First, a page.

He and the cat were separated as though by a pane of
glass, because man lives in time, in successiveness, while
the magical animal lives in the present, in the eternity of
Jose Luis Borges
To hide in a city—sky cluttered with smokestacks
and old billboards, narrow orange roads
unnamed. As if we can hide from
ourselves, and northern winter
nothing but a cerebral trick, the fire
of sunset drifting through
specks of snowfall. He says to me,
“Jessica, I don’t love you,” cupping my face
and kissing me. Why are we hiding?
I notice the open space of his sidelong gaze
toward the window, white of his eyes, sheer
curtains half-closed. As if time is trying
to drop out from under us,
and in that first cognizance
of falling, we are lovers again. On the roof,
I would lie in his lap and he’d rest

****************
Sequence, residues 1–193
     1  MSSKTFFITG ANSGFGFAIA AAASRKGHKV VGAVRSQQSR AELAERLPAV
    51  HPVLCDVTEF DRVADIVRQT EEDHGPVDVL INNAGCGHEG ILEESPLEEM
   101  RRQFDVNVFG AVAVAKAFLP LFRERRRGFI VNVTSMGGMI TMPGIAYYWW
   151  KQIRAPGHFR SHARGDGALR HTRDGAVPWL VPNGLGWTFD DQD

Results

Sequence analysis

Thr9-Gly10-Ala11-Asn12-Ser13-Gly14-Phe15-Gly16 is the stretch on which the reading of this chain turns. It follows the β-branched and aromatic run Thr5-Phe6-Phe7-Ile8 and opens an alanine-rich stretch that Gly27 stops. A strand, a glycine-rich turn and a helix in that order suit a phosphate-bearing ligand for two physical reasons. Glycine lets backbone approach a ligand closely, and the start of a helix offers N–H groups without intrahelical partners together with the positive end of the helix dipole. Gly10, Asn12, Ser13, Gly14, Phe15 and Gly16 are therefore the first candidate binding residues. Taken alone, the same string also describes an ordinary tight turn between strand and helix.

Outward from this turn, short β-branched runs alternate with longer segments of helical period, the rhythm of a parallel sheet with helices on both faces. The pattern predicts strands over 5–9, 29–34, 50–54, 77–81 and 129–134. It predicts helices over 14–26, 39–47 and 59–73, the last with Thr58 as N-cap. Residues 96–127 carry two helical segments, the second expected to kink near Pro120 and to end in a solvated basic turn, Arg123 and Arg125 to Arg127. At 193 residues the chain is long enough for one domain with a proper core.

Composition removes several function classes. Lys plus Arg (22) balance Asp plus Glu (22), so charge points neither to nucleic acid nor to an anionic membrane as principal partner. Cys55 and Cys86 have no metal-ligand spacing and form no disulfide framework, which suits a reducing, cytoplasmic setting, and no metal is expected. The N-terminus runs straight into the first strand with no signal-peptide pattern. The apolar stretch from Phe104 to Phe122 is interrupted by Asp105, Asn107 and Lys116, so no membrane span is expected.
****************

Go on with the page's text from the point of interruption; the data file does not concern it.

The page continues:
his hands on my chest. The heartsickness
in us, the tiredness.
A window opens and someone
throws a bag of trash
onto the street. A window opens
and a cat’s face appears.
A window opens and the city looks
with heat and smog. Perhaps I’m sick
of truth, too, the out-of-sightness,
I know we can’t keep on this way.
From the roof I see a building
dirty and colorless except for the top floor,
which is burnt yellow, its cement crumbling,
its terrace holding a small garden,
hanging vines, which seems magical
except to those who live there,
boiling their lentils with only salt, scrubbing
their clothes on an old washboard
until the skin on their fingers
cracks from soap and bleach, before
hanging them out to dry.
And there goes the cat, zigzagging
through the flapping bed sheets and blouses,
back and forth.
Squalorly Lit | September 2015